Loan versus Line of Credit: Which is best for you?
Worn out from use, but still fully functional and clean, a home health agency in Phoenix’s offices were functional, but lacked the lustre of presentation. After decades as a stable and successful practice, they began to lose business to competitors with newer facilities.
When the owners went to their local bank for a loan, they were given the option of taking out a line of credit (LOC). That’s when the debate began — what would make more sense, a loan or a line of credit?
When it comes to financing your operating expenses, Loans and LOCs are similar to each other, but have distinct differences. Below is a quick introduction to the pros and cons of each.
You are almost certainly familiar with the way that loans work: you borrow a specific amount of money for a specific purpose with a pre-determined payback plan. Your payment – which is usually monthly, but can often be bimonthly, weekly or even daily – includes payment of both interest and principal. Once you pay off the loan, your relationship with the lender ends.
A Line of Credit (LOC) offers flexibility and control
A line of credit is a type of loan that offers borrowers more flexibility and control than a traditional loan. The amount of money you borrow, what you use the money for and the payback plan can all vary depending on your needs.
- Use the money for almost anything: Whereas a traditional loan usually must be applied to a specific approved purpose, like buying a home or business, a line of credit can be put toward almost any business purpose.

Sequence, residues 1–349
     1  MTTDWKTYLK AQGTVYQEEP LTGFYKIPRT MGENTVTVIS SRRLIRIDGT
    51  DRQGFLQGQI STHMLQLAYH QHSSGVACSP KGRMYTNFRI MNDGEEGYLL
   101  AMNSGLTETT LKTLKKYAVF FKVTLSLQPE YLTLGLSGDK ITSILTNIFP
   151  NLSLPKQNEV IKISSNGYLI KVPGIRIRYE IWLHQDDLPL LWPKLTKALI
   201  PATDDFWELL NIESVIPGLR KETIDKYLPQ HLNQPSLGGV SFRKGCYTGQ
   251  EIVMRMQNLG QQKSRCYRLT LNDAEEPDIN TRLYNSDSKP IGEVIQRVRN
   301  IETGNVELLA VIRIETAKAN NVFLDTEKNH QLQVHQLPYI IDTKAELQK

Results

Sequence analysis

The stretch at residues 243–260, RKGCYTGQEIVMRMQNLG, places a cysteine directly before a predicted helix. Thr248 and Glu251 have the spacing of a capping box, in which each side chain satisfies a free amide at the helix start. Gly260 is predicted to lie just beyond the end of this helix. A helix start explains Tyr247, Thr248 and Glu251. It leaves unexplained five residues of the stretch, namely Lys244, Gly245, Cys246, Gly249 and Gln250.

- Borrow more or less: A credit line can also be used at a borrower’s discretion, choosing to borrow more or less against the pre-determined maximum they can borrow. If a business owner is approved to draw down a LOC up to $500,000, she can choose to borrow all, none, or just a portion of it.
- Payment can vary: Repayment schedules are also more flexible with lines of credit. Instead of the rigid monthly payments required by traditional loans, repayment amounts can vary with a LOC.
Pro Tip: A Revolving Line of Credit offers even more flexibility
A Revolving Line of Credit (RLOC) means that the borrower has access to credit even if the original line of credit is paid down. A borrower also has the option to draw down or repay funds as they choose. In contrast, a loan is for a fixed amount and closes once it is paid down.
time. For instance, if a hospice wanted to expand its facility, it might open a million dollar LOC. It uses $500,000 to cover the construction costs and leave the rest of the line open (or unused). Let’s say the hospice pays down the line to $400,000, but decides to borrow another $200,000 to invest in new staff and marketing. The hospice could increase the amount they borrow to $600,000 without having to go through underwriting again.
Given its long track record, the Phoenix home health company felt confident about its application for a LOC at its regional bank. Unfortunately, the credit line was small and the bank required the company to provide personal guarantees from its owners. The owners decided to keep looking for options. Lucky for them, they found Inspira. With Inspira’s help, the home health facility successfully renovated and expanded their offices.
Inspira offers 3 year RLOCs
Inspira offers 3 year revolving lines of credit exclusively to physicians, medical offices, hospitals and healthcare agencies. These lines of credit are based on the practice’s Accounts Receivable from Medicare, Medicaid and other health insurers. Inspira does not require a personal guarantee or other forms of collateral. Lines of credit range from $250,000 to $5 million, and the funds can be put toward any business expense.
Inspira also offers Instant Lines of Credit (ILOC) to companies that need cash quickly. This line of credit is also based on the healthcare Accounts Receivable, but the amount of money a company can borrow is limited to under $250,000. The money can be available within just a couple of days of completing the process.